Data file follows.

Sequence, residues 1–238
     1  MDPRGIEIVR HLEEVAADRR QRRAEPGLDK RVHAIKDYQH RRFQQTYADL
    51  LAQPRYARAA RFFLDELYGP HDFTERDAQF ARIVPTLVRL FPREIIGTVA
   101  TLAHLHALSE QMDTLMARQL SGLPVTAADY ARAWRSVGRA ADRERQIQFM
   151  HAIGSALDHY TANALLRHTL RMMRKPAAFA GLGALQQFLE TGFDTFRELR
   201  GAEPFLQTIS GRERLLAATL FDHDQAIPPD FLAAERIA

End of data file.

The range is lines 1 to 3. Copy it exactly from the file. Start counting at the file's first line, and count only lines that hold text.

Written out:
Sequence, residues 1–238
     1  MDPRGIEIVR HLEEVAADRR QRRAEPGLDK RVHAIKDYQH RRFQQTYADL
    51  LAQPRYARAA RFFLDELYGP HDFTERDAQF ARIVPTLVRL FPREIIGTVA